“This clearly-written, brilliantly and creatively thought-out book, filled with fascinating and horrifying examples of how doctors are now trained to not listen to their patients in order to “rule out” diseases, focuses on “ruling in” diagnoses that not only are accurate, but that will save billions of dollars per year in lawsuit-driven tests. Let’s hope this starts a revolution in care: from treating patients as objects who are squeezed into algorithmic decision trees on your doctor’s computer, to sensible, healthy partnership with your doctor that achieves real, humane treatment and true healing. A brave, terrific, essential work.”
--Samuel Shem, M.D., Ph.D. author of THE HOUSE OF GOD and THE SPIRIT OF THE PLACE.
“WHEN DOCTORS DON’T LISTEN is a powerful appeal for individualized medical evaluation based on an active partnership between doctors and patients. The rational, mutual approach to diagnosis advocated by Drs. Wen and Kosowsky is the antidote for mindless and wasteful routines that all too often replace careful listening and focused assessment of each patient.”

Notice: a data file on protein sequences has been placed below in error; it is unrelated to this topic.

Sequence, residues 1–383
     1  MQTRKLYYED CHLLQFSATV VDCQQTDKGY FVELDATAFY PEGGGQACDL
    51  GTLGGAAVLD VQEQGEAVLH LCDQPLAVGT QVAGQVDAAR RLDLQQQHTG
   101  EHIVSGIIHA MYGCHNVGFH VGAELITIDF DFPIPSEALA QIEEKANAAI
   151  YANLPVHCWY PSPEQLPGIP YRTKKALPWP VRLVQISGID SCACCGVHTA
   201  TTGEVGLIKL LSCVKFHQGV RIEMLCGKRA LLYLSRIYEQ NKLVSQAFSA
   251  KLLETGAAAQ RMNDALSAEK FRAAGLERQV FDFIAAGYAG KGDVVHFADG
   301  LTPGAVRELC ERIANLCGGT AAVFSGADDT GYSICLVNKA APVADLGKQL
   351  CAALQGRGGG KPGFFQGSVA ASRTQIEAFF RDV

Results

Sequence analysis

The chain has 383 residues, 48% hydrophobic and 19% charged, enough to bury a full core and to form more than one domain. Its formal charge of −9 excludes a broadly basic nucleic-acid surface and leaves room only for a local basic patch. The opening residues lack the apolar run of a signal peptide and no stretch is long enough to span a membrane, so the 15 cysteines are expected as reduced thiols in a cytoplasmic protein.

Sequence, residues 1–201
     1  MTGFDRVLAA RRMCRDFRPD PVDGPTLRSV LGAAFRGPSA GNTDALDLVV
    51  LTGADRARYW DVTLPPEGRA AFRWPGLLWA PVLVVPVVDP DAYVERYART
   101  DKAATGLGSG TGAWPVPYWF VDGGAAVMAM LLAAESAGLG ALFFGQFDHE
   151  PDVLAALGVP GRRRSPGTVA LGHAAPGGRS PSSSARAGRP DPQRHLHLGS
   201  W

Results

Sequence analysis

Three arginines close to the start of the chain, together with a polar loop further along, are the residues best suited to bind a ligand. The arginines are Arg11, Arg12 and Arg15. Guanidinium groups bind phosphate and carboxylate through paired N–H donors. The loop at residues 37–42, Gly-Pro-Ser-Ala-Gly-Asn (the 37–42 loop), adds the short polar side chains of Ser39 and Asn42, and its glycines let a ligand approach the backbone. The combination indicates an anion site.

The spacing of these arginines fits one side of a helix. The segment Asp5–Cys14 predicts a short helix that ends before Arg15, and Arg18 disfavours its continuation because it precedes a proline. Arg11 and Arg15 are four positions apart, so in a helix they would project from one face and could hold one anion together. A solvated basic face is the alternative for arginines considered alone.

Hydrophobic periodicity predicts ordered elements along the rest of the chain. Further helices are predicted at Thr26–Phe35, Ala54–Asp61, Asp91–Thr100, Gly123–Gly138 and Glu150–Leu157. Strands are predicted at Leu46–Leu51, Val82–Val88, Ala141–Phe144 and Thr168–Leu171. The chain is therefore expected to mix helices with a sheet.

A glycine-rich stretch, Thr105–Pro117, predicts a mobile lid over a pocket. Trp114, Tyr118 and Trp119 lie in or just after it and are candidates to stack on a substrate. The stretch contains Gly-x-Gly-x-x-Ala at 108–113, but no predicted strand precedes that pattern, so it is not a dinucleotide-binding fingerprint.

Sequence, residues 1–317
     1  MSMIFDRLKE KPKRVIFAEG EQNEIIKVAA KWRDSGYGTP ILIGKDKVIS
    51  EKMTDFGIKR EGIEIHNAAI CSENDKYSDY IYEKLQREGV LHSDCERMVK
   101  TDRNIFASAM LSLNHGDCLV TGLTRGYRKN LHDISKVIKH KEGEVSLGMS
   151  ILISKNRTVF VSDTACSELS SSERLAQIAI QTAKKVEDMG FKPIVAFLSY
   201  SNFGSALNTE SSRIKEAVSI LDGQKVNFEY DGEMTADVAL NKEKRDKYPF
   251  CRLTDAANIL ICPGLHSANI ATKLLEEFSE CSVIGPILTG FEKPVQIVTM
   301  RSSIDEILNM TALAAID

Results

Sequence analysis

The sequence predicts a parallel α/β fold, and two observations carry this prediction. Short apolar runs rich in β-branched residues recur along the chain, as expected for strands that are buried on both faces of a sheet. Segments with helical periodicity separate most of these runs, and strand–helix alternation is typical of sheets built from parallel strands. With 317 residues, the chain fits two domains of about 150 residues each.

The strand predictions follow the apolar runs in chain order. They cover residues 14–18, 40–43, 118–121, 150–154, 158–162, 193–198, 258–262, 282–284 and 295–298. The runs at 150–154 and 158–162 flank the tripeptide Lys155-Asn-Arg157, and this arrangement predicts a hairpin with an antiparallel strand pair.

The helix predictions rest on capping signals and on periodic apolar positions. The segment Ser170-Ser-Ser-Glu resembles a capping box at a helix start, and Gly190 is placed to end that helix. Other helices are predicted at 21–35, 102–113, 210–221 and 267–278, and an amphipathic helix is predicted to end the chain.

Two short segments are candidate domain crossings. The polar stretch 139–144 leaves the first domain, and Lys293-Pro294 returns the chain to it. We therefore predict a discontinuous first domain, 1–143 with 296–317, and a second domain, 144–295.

--Harvey V. Fineberg, M.D., Ph.D., President, Institute of Medicine
“Wen and Kosowsky have revisited the never-ending debate around the “art and science of medicine” hoping to strike the right balance in the practice of emergency health care. Their hands-on discussion of the limits of algorithmic medicine is precise and timely. Their proposal for “diagnostic partnership” is a major contribution of this courageous book in which common sense plays the leading role.”
--Julio Frenk, M.D., Ph.D., Dean of the Harvard School of Public Health
"Drs. Wen and Kosowsky propose an innovative approach to fixing US healthcare that begins with the patient. Read this book and now you—as a patient—can be the change our country has been waiting for."
--Elliot Fisher, M.D., MPH, Director of Population Health and Policy, The Dartmouth Institute